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Wild Rivers and Indigenous Rights co-exist

Larissa Waters says Tony Abbott’s bid to overturn the Queensland Wild River laws would open the door to massive dams and mines all along Cape York, threatening the indigenous jobs the legislation has already created and the tourism industry and natural values of this spectacular area.
Wild Rivers and Indigenous Rights co-exist

Wenlock River from the air. Photo: Kerry Trapnell

If Tony Abbott overturned these laws he would enable sand mining in the Aurukun wetlands and strip mining for bauxite across the Cape. Queenslanders would and should be horrified by that prospect. The thousands of tourists who trek up the Cape every year aren’t there to see giant mining trucks. Every one of the roadhouses, tourist lodges, ferries and camping grounds – some of them indigenous enterprises – rely on the unique natural wonders of this region.

Tony Abbott has fallen victim to the misinformation campaign about wild rivers, believing outlandish claims that the laws stop indigenous economic opportunities – they do not. The Wild Rivers legislation stops environmentally destructive proposals like in-stream mines and dams. It does not stop indigenous hunting, fishing, grazing or the building of community infrastructure and it does not override native title rights.

It might be an inconvenient truth to Tony Abbott and Noel Pearson, but there was no preference deal for Wild Rivers between the Greens and the Labor government in 2009 or in any other state election.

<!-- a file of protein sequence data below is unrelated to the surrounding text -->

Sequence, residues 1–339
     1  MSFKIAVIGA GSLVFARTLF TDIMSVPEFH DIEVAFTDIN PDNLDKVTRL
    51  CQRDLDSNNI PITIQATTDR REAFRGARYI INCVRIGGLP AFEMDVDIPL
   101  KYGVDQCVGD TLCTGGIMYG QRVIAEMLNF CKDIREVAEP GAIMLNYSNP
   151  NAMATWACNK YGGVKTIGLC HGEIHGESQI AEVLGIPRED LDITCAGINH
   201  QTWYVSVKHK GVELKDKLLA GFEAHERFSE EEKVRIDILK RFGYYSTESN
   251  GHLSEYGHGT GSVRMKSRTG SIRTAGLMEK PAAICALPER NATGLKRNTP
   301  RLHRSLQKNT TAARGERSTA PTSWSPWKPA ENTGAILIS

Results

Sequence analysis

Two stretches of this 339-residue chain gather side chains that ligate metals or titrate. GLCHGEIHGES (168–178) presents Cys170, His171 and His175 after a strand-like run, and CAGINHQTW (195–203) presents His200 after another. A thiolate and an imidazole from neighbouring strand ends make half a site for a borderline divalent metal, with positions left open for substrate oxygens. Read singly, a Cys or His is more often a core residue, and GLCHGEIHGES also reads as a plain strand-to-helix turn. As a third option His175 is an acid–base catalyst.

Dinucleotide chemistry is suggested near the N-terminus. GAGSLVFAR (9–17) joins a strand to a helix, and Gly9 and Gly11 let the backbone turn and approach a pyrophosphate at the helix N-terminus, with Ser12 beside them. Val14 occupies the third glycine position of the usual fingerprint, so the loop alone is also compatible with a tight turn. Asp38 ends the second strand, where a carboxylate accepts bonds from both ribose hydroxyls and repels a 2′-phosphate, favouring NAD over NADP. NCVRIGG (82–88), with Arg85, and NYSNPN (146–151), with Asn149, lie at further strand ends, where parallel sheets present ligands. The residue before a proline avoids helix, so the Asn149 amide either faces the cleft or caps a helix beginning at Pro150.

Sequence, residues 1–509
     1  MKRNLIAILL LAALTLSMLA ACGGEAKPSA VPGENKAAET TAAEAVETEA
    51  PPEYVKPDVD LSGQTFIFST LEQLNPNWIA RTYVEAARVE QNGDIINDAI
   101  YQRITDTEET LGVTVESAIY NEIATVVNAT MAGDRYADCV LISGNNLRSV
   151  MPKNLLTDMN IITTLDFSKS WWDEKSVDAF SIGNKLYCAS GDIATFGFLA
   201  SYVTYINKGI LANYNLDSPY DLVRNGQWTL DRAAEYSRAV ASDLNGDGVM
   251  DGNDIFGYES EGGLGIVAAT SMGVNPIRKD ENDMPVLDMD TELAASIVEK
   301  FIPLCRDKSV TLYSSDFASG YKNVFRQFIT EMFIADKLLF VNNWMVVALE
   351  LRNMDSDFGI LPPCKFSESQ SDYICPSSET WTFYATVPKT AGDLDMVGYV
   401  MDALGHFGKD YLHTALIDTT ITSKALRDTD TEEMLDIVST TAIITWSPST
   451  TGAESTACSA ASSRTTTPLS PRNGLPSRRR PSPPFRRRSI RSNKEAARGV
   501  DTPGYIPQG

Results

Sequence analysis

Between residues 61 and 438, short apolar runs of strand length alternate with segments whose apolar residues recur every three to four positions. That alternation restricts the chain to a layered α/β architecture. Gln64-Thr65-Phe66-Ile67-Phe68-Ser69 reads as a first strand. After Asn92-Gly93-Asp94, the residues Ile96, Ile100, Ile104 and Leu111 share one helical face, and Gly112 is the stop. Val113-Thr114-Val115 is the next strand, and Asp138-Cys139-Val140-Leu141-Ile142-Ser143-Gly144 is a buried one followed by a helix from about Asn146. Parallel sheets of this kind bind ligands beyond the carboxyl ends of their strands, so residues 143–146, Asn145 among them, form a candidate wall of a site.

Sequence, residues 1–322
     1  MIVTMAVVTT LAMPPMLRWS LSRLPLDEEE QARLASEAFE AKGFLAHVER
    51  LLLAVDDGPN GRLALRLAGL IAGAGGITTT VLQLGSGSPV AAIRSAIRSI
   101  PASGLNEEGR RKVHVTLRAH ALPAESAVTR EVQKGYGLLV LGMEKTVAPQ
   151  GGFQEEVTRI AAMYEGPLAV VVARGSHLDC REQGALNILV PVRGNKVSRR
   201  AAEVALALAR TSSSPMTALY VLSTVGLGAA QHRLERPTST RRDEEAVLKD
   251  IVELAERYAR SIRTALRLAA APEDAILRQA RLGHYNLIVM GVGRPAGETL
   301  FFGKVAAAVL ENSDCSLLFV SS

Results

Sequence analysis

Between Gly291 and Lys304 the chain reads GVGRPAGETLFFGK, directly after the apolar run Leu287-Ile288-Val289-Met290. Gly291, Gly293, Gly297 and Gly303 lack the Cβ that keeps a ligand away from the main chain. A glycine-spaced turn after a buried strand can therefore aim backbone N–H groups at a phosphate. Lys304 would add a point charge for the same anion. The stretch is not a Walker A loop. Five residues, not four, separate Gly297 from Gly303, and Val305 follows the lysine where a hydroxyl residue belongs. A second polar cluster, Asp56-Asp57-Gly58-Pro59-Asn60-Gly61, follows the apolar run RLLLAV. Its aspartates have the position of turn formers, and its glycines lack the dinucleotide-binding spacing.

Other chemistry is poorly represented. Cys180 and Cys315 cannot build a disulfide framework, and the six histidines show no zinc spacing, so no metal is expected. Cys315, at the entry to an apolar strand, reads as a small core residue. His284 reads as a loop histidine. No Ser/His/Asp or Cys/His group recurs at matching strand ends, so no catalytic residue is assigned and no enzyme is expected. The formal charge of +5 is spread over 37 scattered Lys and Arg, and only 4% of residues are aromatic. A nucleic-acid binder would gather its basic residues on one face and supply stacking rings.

It is not a choice between indigenous rights and protecting rivers – the wild river laws safeguard both and that’s why the Greens support them. The wild river laws promote clean, green indigenous enterprises and have provided indigenous full-time wild river ranger jobs which protect these pristine rivers for future generations.

Many indigenous leaders support the wild river laws, including:

From our point of view, we don't see any way in which Wild Rivers is going to cost any jobs, and we actually see ways in which it can create jobs.

- Gina Castelain, Director of Wik Projects, Wik-Waya Traditional Owner. The Australian, 9 Jun 2009

As well as better protection for the environment [with Wild Rivers legislation], there will also be more jobs.

- Richard Barkley, Tanquith Traditional Owner. Western Cape Bulletin, 18 Jul 2007

The Wilderness Society (who are not affiliated with the Queensland Greens) have published a fact sheet on the Wild Rivers legislation: Wild Rivers Wilderness Society Fact Sheet

Larissa Waters is the Australian Greens lead Senate candidate for Queensland -


by Kerry Trapnell

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